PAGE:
Step Right Up, Get Your Stimmy Checks!
Who wouldn’t want FREE money? Politicians love it and citizens gladly accept it. Stimmy checks?? The Government Accounting Office touts, “The federal government made direct payments to individuals totaling $931billion.” That does not include student loan forgiveness or other government handouts.
Now the states are getting into the act. Yahoo supplies the current scorecard, “These twenty states are sending out stimulus checks.”
Red and blue states alike are finding ways to send checks to citizens during this election year. Most Americans know government handouts make inflation worse but they don’t seem to care.
MSN.com reports, Americans think California and Florida-style stimulus checks and Biden’s student-debt relief make inflation worse – but they want them anyway:
“Americans list government spending as among the main causes of inflation.
But many are welcoming the inflation relief measures that over 15 states have adopted.
…. Americans view inflation as the top problem facing the country today, and most think government spending is a big reason why. But many are still open to receiving another stimulus check from their state to help them cope with higher prices.
In an April poll from the right-leaning advocacy group Americans for Prosperity with 1,500 respondents, 73% of respondents said government spending was a ‘major cause’ of higher prices
The same poll…found that 75% of those surveyed ‘support the idea of stimulus checks as a government response to inflation.’
A May Public Policy Institute of California survey…found that 62% supported the state’s $18 billion inflation relief plan, the majority of which is going towards relief payments.”
California Gov. Gavin Newsom loves sending out stimmy checks….
In late 2021, Newswest.org reported:
“‘Direct stimulus checks going into people’s pockets and direct relief – that’s meaningful,’ Newsom said during a visit to the Unity Council….
…. The payments are part of what Newsom is calling a California Comeback Plan, pitched by a governor who is fighting a Republican-led campaign to recall him from office.
Oakland Mayor Libby Schaaf welcomed the new round of financial help…. Shaaf said it is important that the state financial help is also being provided to those in the country illegally who were not eligible for federal stimulus checks.”
Yahoo news reports, “California and Florida are dueling over stimulus checks as a tool against inflation, and it’s the latest example of their governors’ ideological clash.”
|A Miller Musing:
I chuckled when I saw this caption:
- “Some 23 million Californians are set to receive stimulus checks as Gov. Gavin Newsom looks to counter inflation.
- Florida Gov. Ron DeSantis’ more targeted aid will reach only 59,000 households and cost far less.
…. California’s aid is among the most generous. Newsom and Democratic legislators approved a $17 billion aid package in June that included stimulus payments for roughly 23 million Californians. Households will receive up to $1,050 in a one-time payment, and checks start to shrink for those earning more than $75,000.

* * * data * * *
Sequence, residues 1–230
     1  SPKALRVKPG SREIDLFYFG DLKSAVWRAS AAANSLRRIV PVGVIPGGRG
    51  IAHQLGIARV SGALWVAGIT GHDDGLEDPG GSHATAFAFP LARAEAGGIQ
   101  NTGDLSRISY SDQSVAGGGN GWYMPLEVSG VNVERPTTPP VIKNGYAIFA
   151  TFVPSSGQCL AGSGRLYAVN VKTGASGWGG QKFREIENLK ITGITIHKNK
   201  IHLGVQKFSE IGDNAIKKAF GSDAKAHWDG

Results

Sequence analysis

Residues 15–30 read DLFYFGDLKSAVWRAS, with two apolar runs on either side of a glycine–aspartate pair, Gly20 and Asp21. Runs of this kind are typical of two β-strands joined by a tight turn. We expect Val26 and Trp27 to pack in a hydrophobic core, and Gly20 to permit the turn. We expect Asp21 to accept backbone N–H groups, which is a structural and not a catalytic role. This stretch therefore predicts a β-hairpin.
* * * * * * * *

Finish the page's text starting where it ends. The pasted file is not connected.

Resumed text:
….The payments aim to “help you fill your gas tank and put food on the table,” Newsom said in a June 26 tweet.
…. In Florida, DeSantis took a more targeted approach to inflation aid. About 59,000 families who are already receiving regular government assistance will receive one-time $450 checks per child.
….The payments will go out in October, just ahead of the November election.”
I’ll let others fight over the red/blue ideological issues of how the money should be allocated. I disagree with both governors who say their stimmy checks will not make inflation worse.
There is a much bigger issue that no one is discussing.
States cannot create money out of thin air like the federal government, they must collect taxes and/or borrow to pay their bills.
Here is a snapshot supplied by USDebtClock.org:
Florida’s total debt is $135 billion, while California stands at $549 billion. Both states had budget surpluses. The accumulated debt is a result of past spending outpacing income.
The politicos are fighting over how the surplus should be SPENT. PPIC reports: (Emphasis mine)
“Last month, Governor Newsom released a $300.7 billion spending plan and announced an estimated $97.5 billion state budget surplus as part of the May Revision to the 2022-2023 state budget. …. Californians…are divided on how to SPEND the (nearly $100 billion) surplus.
…. Given a choice, 33% want to increase funding for education and health and human services, 27% want to refund some of the money to the people of California, and 22% favor one-time state spending for transportation, water, and infrastructure. Just 13% want to pay down state debt and build up the budget reserve.”
Investopedia tells us:
“Keynesian economics suggests that governments should run a surplus during times of prosperity, and a deficit in times of depression. This allows the government to save money when it is well off, and to spend money on fiscal stimulus when the economy is less well off.
…. Running a budget surplus means that government bodies will have additional money to spend at the end of an accounting period. This extra cash can be used to pay off government debts or reinvested in other government projects. It can even be returned to the public in the form of a tax cut.
A large surplus also reduces the need for borrowing through bond issues. This will reduce interest rates in that country, allowing people and businesses to borrow money at a lower cost.”
The Journal of Post Keynesian Economics puts things in perspective:
|A Miller Musing:
If states borrow when expenditures exceed taxes, and spend their surpluses without paying down debt, they WILL go bankrupt.